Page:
Rob is in 8th grade. Feels like I’ve got a lot of time left with him. But I really don’t. I have 46 tenths left with him. I know how fast the previous tenth went by. No reason to think the next 46 won’t be just as fast.

How many tenths do you have left with your kids?

What are you going to do with them?

The Other Way to Handle Difficulties

December 7, 2009

I have to confess–my first inclination when I face difficult circumstances is not to trust God. Usually I get frustrated. Of course, that’s just a nice way of saying I get angry. If it’s not frustration or anger then it might be worry or discouragement. None of them are good or helpful responses.

Parenting sure presents its fair share of difficult circumstances. And every one is the potential catalyst for sending us into a tailspin of negative emotions.

One of my children has dealt with a series of medical issues. Fortunately, none have been serious, but I tend to worry when a new one (or old one) pops up.

Another child was arrested and fined over $1,000 for the offenses. Poor choices present us with an opportunity to lose our cool pretty quickly. (Fortunately, I didn’t in this case.)

One of my daughters has struggled greatly with our move to Fayetteville last year. She misses her school, her friends and our old house. I hurt for her.

Finally, it was tough to see one of my kids discouraged by being the smallest on the team and not getting much playing time.

Your difficult parenting circumstances may be different, but I have a suggestion for handling yours and mine today. In fact, it will apply to whatever your facing today–parenting issues, financial concerns, job stress, a health problem or whatever. The answer is found in Psalm 100:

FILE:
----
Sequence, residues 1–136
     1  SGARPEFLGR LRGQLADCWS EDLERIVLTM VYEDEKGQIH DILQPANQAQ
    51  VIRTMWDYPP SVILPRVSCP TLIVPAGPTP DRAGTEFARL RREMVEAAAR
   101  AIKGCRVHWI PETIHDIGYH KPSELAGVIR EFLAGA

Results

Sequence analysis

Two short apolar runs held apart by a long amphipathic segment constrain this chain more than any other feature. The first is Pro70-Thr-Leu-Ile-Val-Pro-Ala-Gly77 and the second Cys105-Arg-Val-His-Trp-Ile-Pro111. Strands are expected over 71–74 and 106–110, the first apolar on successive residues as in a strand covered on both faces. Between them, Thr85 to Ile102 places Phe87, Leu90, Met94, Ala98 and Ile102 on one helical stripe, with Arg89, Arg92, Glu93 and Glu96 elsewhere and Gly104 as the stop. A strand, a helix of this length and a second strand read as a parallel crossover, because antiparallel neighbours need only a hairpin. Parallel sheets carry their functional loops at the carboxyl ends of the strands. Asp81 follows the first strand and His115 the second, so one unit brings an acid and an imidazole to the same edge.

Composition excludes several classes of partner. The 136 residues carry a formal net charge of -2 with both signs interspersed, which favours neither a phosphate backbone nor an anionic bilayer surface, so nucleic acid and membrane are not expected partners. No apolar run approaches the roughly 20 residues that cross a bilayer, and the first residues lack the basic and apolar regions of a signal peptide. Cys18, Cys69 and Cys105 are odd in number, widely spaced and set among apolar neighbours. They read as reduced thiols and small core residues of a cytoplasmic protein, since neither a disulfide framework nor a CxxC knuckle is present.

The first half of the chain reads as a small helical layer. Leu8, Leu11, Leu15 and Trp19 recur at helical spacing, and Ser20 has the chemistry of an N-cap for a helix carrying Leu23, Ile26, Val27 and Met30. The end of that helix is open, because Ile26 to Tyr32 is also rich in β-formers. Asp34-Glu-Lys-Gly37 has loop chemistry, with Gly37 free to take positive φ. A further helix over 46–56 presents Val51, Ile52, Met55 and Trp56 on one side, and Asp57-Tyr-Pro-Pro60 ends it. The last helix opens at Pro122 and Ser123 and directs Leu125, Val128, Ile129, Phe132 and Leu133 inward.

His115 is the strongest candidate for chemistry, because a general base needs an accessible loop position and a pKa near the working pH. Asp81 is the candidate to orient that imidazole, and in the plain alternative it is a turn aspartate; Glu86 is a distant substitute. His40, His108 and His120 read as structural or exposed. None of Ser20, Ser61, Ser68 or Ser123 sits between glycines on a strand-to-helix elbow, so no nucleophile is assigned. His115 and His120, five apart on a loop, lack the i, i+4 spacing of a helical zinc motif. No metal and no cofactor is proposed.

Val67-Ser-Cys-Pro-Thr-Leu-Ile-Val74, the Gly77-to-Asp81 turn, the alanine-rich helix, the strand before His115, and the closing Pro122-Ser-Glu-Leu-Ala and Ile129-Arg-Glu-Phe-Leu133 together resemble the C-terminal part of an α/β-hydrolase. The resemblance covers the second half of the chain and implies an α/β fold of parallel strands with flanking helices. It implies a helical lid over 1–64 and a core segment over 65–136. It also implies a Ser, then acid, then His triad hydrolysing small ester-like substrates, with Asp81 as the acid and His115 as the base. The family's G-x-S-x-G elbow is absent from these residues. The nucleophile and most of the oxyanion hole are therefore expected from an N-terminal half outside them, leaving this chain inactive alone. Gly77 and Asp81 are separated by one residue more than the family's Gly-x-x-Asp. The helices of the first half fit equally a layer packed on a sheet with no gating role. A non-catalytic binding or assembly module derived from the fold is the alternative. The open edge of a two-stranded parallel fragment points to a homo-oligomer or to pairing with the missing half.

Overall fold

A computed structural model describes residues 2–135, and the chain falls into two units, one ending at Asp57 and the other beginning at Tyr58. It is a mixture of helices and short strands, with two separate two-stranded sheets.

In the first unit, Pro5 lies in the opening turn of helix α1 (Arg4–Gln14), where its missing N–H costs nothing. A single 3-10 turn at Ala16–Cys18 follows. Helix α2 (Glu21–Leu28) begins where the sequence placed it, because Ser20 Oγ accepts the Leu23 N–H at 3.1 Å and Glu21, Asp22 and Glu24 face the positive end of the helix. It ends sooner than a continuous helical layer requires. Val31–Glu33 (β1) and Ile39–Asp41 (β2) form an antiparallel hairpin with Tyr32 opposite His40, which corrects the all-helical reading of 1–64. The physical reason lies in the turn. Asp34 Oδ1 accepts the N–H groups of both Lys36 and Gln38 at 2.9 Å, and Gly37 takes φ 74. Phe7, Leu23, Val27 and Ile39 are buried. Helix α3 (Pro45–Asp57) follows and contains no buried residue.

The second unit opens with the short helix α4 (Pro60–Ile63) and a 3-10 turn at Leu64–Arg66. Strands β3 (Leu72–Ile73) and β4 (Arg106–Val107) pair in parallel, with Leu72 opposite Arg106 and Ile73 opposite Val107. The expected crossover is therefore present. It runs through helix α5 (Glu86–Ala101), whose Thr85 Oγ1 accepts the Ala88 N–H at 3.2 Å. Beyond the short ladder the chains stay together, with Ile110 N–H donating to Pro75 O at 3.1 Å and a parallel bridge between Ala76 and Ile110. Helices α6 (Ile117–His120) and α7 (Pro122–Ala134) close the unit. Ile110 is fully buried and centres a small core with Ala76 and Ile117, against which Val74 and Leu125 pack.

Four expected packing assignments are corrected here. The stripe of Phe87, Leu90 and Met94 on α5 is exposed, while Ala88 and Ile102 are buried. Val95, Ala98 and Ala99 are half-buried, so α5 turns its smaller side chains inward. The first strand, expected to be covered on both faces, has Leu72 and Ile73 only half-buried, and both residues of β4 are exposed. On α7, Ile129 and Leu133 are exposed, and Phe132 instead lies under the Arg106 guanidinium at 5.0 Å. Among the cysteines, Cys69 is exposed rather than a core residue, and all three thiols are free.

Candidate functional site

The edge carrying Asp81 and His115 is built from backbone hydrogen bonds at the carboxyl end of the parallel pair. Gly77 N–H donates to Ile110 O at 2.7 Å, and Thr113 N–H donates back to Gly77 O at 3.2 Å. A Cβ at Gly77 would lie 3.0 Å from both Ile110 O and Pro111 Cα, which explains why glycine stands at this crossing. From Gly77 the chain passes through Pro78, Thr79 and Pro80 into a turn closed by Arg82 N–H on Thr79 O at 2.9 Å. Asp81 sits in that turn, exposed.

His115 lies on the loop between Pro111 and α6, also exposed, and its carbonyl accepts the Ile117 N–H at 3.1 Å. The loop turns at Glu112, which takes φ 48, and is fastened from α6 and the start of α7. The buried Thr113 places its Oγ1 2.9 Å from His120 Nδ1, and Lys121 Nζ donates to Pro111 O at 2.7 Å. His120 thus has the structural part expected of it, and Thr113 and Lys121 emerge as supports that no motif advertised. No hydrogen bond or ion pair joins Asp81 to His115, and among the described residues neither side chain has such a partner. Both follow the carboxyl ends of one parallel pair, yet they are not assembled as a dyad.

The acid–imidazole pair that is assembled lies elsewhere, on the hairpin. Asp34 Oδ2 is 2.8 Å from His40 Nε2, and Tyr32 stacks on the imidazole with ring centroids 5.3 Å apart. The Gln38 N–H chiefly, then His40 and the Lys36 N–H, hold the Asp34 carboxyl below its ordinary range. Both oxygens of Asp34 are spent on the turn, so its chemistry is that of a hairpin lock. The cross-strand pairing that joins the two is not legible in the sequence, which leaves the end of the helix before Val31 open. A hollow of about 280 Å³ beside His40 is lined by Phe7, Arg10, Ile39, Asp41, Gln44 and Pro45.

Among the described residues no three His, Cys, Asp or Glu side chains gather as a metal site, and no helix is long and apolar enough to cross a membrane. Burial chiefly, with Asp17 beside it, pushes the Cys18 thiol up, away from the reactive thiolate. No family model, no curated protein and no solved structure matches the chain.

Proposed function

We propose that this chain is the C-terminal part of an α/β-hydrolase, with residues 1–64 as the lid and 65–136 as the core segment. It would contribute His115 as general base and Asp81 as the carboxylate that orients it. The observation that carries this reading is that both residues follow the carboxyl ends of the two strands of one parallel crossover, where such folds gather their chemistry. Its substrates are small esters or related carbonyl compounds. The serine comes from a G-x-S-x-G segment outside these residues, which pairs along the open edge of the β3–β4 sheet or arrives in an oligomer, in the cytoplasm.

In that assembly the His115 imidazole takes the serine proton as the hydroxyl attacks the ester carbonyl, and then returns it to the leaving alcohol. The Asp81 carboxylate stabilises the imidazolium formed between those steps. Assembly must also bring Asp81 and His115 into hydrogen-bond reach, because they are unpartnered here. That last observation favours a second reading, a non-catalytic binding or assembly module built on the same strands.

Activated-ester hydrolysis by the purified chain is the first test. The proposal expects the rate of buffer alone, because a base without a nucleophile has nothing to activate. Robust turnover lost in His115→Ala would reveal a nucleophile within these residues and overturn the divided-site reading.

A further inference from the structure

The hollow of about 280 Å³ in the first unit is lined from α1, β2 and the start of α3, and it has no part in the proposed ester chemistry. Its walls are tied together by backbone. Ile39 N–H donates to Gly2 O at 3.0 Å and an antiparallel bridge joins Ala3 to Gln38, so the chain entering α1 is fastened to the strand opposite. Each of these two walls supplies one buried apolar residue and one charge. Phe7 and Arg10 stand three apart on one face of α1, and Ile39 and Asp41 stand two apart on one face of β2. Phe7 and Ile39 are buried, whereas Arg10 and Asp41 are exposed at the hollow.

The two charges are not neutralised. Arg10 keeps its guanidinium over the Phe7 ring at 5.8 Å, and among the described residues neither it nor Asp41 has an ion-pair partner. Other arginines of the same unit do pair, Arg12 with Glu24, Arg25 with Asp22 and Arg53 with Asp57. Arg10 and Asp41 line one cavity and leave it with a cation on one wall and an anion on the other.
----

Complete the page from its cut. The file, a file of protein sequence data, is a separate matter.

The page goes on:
1 Shout for joy to the LORD, all the earth.

2 Worship the LORD with gladness;
come before him with joyful songs.

3 Know that the LORD is God.
It is he who made us, and we are his;
we are his people, the sheep of his pasture.

4 Enter his gates with thanksgiving
and his courts with praise;
give thanks to him and praise his name.

5 For the LORD is good and his love endures forever;
his faithfulness continues through all generations.

Whatever you may be facing today, choose to follow the instructions in this psalm.

Verses 1 and 2 tell us to worship Him. There are no qualifiers on the circumstances. It doesn’t say to worship only if things are going well. The psalmist simply says to shout for joy. Worship with gladness. Come before him with joyful songs.

Let me encourage you to put together a playlist of worship songs on your iPod. If you don’t have an iPod, put it on your wish list for Christmas. I know of nothing better than great worship songs to lift my eyes off my circumstances and get them on God.

Verse 3 instructs us to know that the LORD (Jehovah) is God. He made us. We belong to Him. He is our Shepherd. We’re never alone. We’re never left to figure things out on our own. We belong to Jehovah, the One who has everything under His control.

Verses 4 and 5 tell us to praise and thank Him and also gives the reason why. I know it’s hard to thank God when it feels like things are falling apart, but choose to praise His name and thank Him. Why? Because He is good, He is loving and He is faithful. You may not see it or feel it at the moment, but choose to believe it anyway and let that belief lead you to praise and thanksgiving.

Hebrews 11:6 reminds us that God is pleased by our faith and rewards us when we seek Him. You can know that He is good. He does love you. He will always be faithful to you. It won’t always be easy, but don’t doubt those truths.

You and I have a choice when difficulties come…and they will come. Probably today. We can get angry or worried or discouraged. We’ve tried that though. We know how that turns out.

So what if instead we choose to worship, to remember we belong to our God and He’s in control, and to praise and thank Him because He is good, loving and faithful?

Will you give it a try and let me know how it goes?

The Advice My Dad Never Gave Me

November 25, 2009

I don’t remember my dad giving me much advice. No long talks. No words of wisdom. When I hear someone say, “My dad always said _________”, I can’t relate. I don’t remember anything my dad “always said.”

He was a great man though.

My dad was faithful to my mom for thirty-five years…until the day she died. It wasn’t easy for him. She was an alcoholic.